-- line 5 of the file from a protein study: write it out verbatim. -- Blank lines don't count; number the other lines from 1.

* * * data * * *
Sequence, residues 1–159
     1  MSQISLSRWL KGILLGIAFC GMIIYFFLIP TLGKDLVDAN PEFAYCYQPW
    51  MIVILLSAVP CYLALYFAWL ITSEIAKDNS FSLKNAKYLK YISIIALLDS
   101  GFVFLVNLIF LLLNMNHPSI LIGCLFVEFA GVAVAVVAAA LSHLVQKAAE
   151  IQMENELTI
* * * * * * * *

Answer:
   151  IQMENELTI